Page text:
|"Low-level oblique aerial photograph was taken during the course of a daylight attack on the Matford automotive works at Poissy, France." 8 March 1942. © IWM (C 2282).|
After dark, RAF Bomber Command sends 211 bombers (211 aircraft, 115 Wellingtons, 37 Hampdens, 27 Stirlings, 22 Manchesters, and 10 Halifaxes) to attack the German manufacturing center of Essen. Despite being led by Gee navigational equipment, the bombers have difficulty finding the target, some Krupp installations, and only 168 actually claim to bomb the factories. The raid illustrates the limitations of RAF direction-finding equipment, as the Gee system can only lead bombers to a city, not a specific target. The factories escape unscathed, but bombs kill ten people with an additional 19 missing. There also are raids by single bombers on the German cities Dortmund, Duisburg, Dusseldorf, Gelsenkirchen, and Oberhausen. Six Blenheim bombers raid the docks of Ostend, with four claiming hits. A group of 13 Wellington and Stirling bombers attack targets in the Netherlands, two bombing Soesterberg Airfield.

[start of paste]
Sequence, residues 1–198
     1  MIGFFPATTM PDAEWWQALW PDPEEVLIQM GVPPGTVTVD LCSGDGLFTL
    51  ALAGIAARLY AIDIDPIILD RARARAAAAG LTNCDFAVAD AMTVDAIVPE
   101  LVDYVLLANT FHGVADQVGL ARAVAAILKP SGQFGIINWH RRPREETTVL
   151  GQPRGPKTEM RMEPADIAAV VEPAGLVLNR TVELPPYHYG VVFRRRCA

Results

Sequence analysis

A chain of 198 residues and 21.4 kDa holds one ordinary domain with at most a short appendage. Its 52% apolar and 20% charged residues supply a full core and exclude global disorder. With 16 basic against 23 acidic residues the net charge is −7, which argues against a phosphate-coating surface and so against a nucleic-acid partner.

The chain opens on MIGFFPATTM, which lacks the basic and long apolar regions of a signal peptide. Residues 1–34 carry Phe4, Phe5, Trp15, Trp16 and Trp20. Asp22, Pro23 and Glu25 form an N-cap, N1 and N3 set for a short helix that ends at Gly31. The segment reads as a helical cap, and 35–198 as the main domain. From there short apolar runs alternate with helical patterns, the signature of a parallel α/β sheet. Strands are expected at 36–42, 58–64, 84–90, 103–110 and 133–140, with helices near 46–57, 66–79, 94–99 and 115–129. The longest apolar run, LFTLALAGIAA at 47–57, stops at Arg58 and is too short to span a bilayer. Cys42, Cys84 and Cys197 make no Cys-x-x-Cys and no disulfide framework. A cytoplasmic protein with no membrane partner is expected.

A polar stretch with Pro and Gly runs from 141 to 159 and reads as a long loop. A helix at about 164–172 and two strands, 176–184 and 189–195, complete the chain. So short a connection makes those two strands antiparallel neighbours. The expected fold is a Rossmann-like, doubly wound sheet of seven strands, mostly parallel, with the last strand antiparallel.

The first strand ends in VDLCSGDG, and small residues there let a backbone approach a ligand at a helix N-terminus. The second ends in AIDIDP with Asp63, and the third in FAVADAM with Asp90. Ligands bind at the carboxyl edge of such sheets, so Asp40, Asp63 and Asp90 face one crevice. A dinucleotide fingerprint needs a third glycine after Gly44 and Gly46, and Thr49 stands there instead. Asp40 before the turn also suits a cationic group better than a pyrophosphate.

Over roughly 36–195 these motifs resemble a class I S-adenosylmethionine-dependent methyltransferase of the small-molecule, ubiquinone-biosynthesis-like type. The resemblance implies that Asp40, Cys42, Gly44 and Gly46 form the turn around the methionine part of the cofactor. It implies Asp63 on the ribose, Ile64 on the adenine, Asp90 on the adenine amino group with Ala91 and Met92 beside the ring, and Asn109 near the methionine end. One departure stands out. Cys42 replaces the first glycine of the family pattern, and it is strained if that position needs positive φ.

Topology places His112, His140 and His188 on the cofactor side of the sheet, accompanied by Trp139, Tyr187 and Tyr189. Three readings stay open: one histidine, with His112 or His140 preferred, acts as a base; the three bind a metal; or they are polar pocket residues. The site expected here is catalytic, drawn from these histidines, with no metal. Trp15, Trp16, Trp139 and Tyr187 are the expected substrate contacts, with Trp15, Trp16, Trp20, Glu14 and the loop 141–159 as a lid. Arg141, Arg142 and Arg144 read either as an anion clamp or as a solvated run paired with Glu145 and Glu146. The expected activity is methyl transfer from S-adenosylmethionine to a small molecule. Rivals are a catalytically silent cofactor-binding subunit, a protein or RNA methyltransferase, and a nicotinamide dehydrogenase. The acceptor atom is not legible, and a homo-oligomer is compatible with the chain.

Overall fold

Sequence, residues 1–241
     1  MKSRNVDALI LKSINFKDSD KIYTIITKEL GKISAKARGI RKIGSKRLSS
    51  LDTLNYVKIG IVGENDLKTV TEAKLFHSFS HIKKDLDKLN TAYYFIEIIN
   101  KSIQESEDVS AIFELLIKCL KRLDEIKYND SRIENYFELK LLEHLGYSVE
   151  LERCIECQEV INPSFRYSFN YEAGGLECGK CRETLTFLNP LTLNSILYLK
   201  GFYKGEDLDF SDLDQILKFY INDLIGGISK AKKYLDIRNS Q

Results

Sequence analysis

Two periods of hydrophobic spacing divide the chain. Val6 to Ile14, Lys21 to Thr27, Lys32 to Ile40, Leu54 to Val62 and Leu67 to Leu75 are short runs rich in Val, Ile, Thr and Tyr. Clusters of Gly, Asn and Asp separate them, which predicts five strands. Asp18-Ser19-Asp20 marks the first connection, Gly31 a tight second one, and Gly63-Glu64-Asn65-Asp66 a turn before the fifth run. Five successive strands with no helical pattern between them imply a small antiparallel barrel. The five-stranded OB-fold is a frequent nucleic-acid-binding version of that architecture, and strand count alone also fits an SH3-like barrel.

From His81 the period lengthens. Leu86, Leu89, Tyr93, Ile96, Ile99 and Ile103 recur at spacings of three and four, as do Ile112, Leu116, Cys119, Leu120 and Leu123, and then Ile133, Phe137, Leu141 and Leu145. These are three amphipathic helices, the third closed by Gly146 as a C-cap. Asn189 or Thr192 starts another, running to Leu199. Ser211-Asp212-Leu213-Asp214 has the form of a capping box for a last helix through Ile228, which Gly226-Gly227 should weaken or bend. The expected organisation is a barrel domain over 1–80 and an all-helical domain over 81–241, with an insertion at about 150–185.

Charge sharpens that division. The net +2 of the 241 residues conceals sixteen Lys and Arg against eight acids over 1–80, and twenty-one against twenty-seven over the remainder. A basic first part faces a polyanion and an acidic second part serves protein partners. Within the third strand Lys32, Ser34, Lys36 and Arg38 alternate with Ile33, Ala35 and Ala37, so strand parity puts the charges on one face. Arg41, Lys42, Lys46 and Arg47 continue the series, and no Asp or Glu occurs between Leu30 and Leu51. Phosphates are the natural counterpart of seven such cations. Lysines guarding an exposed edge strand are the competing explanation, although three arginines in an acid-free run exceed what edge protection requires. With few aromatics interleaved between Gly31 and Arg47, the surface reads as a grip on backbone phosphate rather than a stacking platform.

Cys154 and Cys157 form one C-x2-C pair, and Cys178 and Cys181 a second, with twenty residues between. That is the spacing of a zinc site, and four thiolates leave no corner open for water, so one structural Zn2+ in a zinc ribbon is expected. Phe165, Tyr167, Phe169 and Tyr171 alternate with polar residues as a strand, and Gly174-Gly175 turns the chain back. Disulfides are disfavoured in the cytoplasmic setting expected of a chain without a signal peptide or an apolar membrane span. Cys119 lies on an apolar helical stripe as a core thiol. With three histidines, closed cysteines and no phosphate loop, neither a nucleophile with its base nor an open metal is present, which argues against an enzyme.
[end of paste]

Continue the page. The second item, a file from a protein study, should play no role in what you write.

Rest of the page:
|Supermarine Walrus aircraft being catapulted from the cruiser HMS Shropshire between 8 and 12 March 1942 (© IWM (A 8069)).|
|Damage in Lowestoft from the 8 March 1942 Luftwaffe raid (Bert Collyer via Lowestoft Aviation Society).|
German battleship Tirpitz remains at sea on a mission to attack Arctic Convoys QP 8 and PQ 12. Unbeknownst to the Germans, Royal Navy battleship HMS King George V and aircraft carrier Victorious are in the vicinity to provide support to the convoys. The British know of the Tirpitz mission due to Enigma intercepts and are maneuvering into a position to attack. Late in the day, though, German commander Admiral Ciliax decides to return to port. The British still hope to intercept the German battleship with aircraft on the 9th.